Nearly 7 of 10 questions asked on the American Board of Internal Medicine’s internal medicine maintenance of certification exam address conditions physicians commonly encounter when caring for their patients, according to new research conducted and funded by the board.
“In this study comparing the percentages of 186 categories of medical conditions seen by general internists in office visits and hospital stays with the percentages of 3,461 questions on IM-MOC examinations from 2010 to 2013, 69% of examination questions were concordant with conditions seen,” Bradley Gray, PhD, ABIM senior health services researcher, Philadelphia, and his colleagues said in a report published in JAMA ( 2017 Jun 13;317:2317-24 ).
“However, with 31% of examination questions categorized as discordant, the study also identified potential opportunities for improvement,” the authors added.
Questions’ discordance with conditions seen specifically in the office outpatient setting and in the hospital was greater. Comparing questions and office-based practice, 58% of questions (2,010) involving 145 conditions were categorized as concordant. Comparing questions and hospital stays only, 42% of questions (1,456) involving 122 conditions were categorized as concordant.
The study did not evaluate the importance of the conditions that were found in questions that were in discordance with what physicians see in practice.
“Most of the discordant conditions where the frequency of questions on the exam was greater than the frequency of conditions seen were conditions that may have been uncommon but were rated as extremely important to patient care by internists responding to a survey involving review of exam blueprints,” Marianne Green, MD, study coauthor and ABIM board member, said in a statement. “An example of this is diagnosis of vasculitis, a rare but painful condition that can slow vital blood supply to tissues and organs. Based on physicians’ input, these conditions continue to be included on the exam.”
Conversely, there are questions that appear infrequently despite the fact that they cover conditions commonly seen in practice.
“For example, the question percentage for hypertension was judged to be concordant because it was similar to hospital stay percentage (1.91% vs. 1.84%), even though the question percentage was much lower than office visit percentage for this condition (1.91% vs. 13.87%),” the authors stated in the report.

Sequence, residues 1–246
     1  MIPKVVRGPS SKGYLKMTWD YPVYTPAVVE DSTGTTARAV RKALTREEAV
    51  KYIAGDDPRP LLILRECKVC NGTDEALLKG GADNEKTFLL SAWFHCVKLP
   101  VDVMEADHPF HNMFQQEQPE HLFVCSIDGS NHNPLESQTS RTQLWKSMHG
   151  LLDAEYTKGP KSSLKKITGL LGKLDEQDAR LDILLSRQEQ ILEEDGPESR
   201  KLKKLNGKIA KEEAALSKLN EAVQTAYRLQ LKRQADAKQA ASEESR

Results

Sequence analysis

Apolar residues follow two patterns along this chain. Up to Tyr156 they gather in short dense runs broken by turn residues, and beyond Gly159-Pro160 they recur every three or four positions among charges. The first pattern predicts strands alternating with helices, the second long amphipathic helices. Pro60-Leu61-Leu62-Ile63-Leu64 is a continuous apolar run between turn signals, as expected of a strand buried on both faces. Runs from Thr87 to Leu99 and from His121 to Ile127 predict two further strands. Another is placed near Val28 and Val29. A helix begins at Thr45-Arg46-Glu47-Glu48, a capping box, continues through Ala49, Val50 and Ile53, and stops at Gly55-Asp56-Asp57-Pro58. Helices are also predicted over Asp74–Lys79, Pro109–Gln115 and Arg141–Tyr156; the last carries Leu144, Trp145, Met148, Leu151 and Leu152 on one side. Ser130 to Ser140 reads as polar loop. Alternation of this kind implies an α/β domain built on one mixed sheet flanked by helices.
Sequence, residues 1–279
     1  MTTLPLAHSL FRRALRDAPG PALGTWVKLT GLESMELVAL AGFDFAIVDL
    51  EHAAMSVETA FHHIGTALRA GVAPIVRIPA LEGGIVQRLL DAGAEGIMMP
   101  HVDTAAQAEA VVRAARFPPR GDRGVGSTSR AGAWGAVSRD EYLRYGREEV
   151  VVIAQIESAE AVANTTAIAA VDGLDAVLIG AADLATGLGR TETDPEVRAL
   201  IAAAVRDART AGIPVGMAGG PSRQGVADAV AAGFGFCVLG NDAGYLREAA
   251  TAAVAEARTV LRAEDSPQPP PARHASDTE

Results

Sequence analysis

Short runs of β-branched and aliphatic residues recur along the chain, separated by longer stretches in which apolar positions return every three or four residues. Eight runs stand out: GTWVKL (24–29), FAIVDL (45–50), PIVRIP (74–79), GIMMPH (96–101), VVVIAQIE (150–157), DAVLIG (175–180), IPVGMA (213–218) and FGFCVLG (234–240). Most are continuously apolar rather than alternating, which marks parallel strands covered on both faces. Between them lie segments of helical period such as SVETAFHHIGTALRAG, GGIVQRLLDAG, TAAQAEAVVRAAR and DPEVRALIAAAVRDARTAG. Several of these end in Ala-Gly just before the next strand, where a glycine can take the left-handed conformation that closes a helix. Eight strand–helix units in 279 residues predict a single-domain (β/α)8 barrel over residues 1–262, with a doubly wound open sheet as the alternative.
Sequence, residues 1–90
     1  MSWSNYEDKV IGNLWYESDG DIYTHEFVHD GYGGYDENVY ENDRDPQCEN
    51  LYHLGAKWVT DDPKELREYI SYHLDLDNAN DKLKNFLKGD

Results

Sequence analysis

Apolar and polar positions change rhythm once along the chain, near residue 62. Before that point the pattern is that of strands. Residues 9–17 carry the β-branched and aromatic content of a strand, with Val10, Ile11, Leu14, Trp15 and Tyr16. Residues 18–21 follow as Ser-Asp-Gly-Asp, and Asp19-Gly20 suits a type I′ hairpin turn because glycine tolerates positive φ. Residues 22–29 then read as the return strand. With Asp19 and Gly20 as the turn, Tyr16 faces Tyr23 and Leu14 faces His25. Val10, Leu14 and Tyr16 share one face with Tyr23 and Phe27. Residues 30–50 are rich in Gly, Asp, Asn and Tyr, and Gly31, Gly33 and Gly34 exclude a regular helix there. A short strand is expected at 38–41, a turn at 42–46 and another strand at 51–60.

ABIM researchers added that certain common conditions do not require more questions “because care guidelines are widely disseminated and more questions in these areas may be repetitive in terms of content and, therefore, do not contribute significantly to the assessment of a physician’s clinical judgment, especially when limited testing time is available.”
The overall percentage was a reasonable range, Andrea Paul, MD, chief medical officer of BoardVitals, a New York-based company that helps doctors prepare for MOC exams, said in an interview.
“Aiming for somewhere between 65% and 75% on commonly experienced patient conditions is reasonable,” Dr. Paul said. “The reason for that is that those common things that physicians see regularly in practice are just that – they are regularly practiced. So, they don’t necessarily need as much review and testing on topics that they are maintaining their own knowledge of on a daily basis.”
It is important for maintenance of certification exams to cover the rarer conditions, compared with what doctors see regularly, she added.
“I think the exams are aiming to cover those in greater detail because, if a rare condition were to walk into someone’s practice, there would be a great lapse in reviewing those obscure or rare conditions, and it might lead to a delay in diagnosing it or a delay in treating one of those conditions,” Dr. Paul said. “While people find it a nuisance to review something they don’t see regularly, that’s the reason that it’s important.”
The study’s findings have helped inform the review of the MOC testing blueprint that began in 2015, the ABIM noted, so the results may not match the current rate of concordance between questions asked and conditions that physicians are seeing. The report’s authors added that not enough new exams have been administered and not enough information on office visits has been made available to determine the latest concordance rates.
Dr. Paul suggested that, even in internal medicine, it might be better to offer examinations that are more specialized.
“Of people taking that exam, a great proportion of them don’t practice in general outpatient internal medicine,” she said. “They are either specialized in oncology or nephrology, or they practice in academia or are researchers. So, although you would think that everyone would have what they define as a general internal medicine practice, a great proportion doesn’t practice general internal medicine, especially outpatient internal medicine.
“The way to get that [concordance] number up would be to create different maintenance of certification exams based on people’s practice type,” Dr. Paul added. “To have an exam that tests what that person’s specific area is … That would be a way that I could see to improve it.”
All of the researchers are either employed by or affiliated with ABIM. No additional conflicts of interest were disclosed.